Binary neural networks using the Straight-Through-Estimator (STE) have been shown to achieve state-of-the-art results, but their training process is not well-founded. This is due to the discrepancy between the evaluated function in the forward path, and the weight updates in the back-propagation, updates which do not correspond to gradients of the forward path. Efficient convergence and accuracy of binary models often rely on careful fine-tuning and various ad-hoc techniques. In this work, we empirically identify and study the effectiveness of the various ad-hoc techniques commonly used in the literature, providing best-practices for efficient training of binary models. We show that adapting learning rates using second moment methods is crucial for the successful use of the STE, and that other optimisers can easily get stuck in local minima. We also find that many of the commonly employed tricks are only effective towards the end of the training, with these methods making early stages of the training considerably slower. Our analysis disambiguates necessary from unnecessary ad-hoc techniques for training of binary neural networks, paving the way for future development of solid theoretical foundations for these. Our newly-found insights further lead to new procedures which make training of existing binary neural networks notably faster.


Milad Alizadeh, Javier Fernández-Marqués, Nicholas D. Lane, Yarin Gal
International Conference on Learning Representations (ICLR), 2019
[Paper] [Code]

BRUNO: A Deep Recurrent Model for Exchangeable Data

We present a novel model architecture which leverages deep learning tools to perform exact Bayesian inference on sets of high dimensional, complex observations. Our model is provably exchangeable, meaning that the joint distribution over observations is invariant under permutation: this property lies at the heart of Bayesian inference. The model does not require variational approximations to train, and new samples can be generated conditional on previous samples, with cost linear in the size of the conditioning set. The advantages of our architecture are demonstrated on learning tasks that require generalisation from short observed sequences while modelling sequence variability, such as conditional image generation, few-shot learning, and anomaly detection.


Iryna Korshunova, Jonas Degrave, Ferenc Huszár, Yarin Gal, Arthur Gretton, Joni Dambre
arXiv, 2018
[arXiv] [BibTex]
NIPS, 2018
[Paper] [BibTex]

Sufficient Conditions for Idealised Models to Have No Adversarial Examples: a Theoretical and Empirical Study with Bayesian Neural Networks

We prove, under two sufficient conditions, that idealised models can have no adversarial examples. We discuss which idealised models satisfy our conditions, and show that idealised Bayesian neural networks (BNNs) satisfy these. We continue by studying near-idealised BNNs using HMC inference, demonstrating the theoretical ideas in practice. We experiment with HMC on synthetic data derived from MNIST for which we know the ground-truth image density, showing that near-perfect epistemic uncertainty correlates to density under image manifold, and that adversarial images lie off the manifold in our setting. This suggests why MC dropout, which can be seen as performing approximate inference, has been observed to be an effective defence against adversarial examples in practice; We highlight failure-cases of non-idealised BNNs relying on dropout, suggesting a new attack for dropout models and a new defence as well. Lastly, we demonstrate the defence on a cats-vs-dogs image classification task with a VGG13 variant.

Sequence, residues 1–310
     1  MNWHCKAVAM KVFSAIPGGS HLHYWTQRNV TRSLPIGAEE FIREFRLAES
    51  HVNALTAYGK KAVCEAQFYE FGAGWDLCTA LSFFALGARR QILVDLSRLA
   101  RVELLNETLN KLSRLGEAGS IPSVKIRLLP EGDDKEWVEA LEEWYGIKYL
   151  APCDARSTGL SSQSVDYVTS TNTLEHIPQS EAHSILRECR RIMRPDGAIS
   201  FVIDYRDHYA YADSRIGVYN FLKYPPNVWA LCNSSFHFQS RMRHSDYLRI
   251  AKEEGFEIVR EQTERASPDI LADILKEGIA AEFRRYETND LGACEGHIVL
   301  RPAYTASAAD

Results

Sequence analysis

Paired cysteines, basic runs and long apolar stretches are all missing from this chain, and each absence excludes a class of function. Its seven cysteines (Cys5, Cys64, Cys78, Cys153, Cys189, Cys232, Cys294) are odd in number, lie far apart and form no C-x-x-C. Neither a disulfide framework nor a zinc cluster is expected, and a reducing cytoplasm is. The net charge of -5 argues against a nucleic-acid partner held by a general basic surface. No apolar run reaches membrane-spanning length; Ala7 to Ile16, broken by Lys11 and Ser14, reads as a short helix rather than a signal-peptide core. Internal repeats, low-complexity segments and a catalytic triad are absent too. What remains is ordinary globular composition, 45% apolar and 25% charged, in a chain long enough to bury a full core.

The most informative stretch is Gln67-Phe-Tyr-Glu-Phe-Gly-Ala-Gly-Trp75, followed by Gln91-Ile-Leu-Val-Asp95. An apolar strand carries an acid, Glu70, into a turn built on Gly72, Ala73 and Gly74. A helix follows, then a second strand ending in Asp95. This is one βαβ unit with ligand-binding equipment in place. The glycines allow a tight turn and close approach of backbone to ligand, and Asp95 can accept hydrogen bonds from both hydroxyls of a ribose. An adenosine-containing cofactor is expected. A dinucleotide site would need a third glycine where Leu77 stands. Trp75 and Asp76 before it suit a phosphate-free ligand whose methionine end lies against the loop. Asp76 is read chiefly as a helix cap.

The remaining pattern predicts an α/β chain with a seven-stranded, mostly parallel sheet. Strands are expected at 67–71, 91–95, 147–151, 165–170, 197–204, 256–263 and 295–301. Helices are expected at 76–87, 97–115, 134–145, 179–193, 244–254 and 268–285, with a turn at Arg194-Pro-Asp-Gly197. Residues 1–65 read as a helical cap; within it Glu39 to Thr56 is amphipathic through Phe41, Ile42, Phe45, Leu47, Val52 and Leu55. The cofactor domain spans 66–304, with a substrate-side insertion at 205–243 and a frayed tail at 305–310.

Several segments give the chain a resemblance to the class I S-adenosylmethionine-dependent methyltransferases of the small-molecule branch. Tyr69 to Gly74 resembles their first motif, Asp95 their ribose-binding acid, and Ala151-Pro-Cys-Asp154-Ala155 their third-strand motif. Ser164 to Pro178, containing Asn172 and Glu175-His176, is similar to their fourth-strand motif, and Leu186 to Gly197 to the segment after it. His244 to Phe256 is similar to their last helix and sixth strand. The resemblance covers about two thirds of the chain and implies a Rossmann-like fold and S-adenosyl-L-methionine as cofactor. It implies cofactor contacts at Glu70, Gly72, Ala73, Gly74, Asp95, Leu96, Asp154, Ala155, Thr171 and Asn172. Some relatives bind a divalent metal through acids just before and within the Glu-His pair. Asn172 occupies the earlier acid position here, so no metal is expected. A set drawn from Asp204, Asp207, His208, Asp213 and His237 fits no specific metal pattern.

Lewis Smith, Yarin Gal
arXiv, 2018
[arXiv] [BibTex]

Automating Asteroid Shape Modeling From Radar Images

Characterizing the shapes and spin states of near-Earth asteroids is essential both for trajectory predictions to rule out potential future Earth impacts and for planning spacecraft missions. But reconstructing objects’ shapes and spins from delay-Doppler data is a computationally intensive inversion problem. We implement a Bayesian optimization routine that uses SHAPE to autonomously search the space of spin-state parameters, yielding spin state constraints within a factor of 3 less computer runtime and minimal human supervision. These routines are now being incorporated into radar data processing pipelines at Arecibo.


Michael W. Busch, Agata Rozek, Sean Marshall, Grace Young, Adam Cobb, Chedy Raissi, Yarin Gal, Lance Benner, Shantanu Naidu, Marina Brozovic, Patrick Taylor
COSPAR (Committee on Space Research) Assembly, 2018
[Program] [Blog Post (Adam Cobb)] [BibTex]

Fast and Scalable Bayesian Deep Learning by Weight-Perturbation in Adam

Uncertainty computation in deep learning is essential to design robust and reliable systems. Variational inference (VI) is a promising approach for such computation, but requires more effort to implement and execute compared to maximum-likelihood methods. In this paper, we propose new natural-gradient algorithms to reduce such efforts for Gaussian mean-field VI. Our algorithms can be implemented within the Adam optimizer by perturbing the network weights during gradient evaluations, and uncertainty estimates can be cheaply obtained by using the vector that adapts the learning rate. This requires lower memory, computation, and implementation effort than existing VI methods, while obtaining uncertainty estimates of comparable quality. Our empirical results confirm this and further suggest that the weight-perturbation in our algorithm could be useful for exploration in reinforcement learning and stochastic optimization.


Mohammad Emtiyaz Khan, Didrik Nielsen, Voot Tangkaratt, Wu Lin, Yarin Gal, Akash Srivastava
ICML, 2018
[Paper] [arXiv] [BibTex]

Differentially private continual learning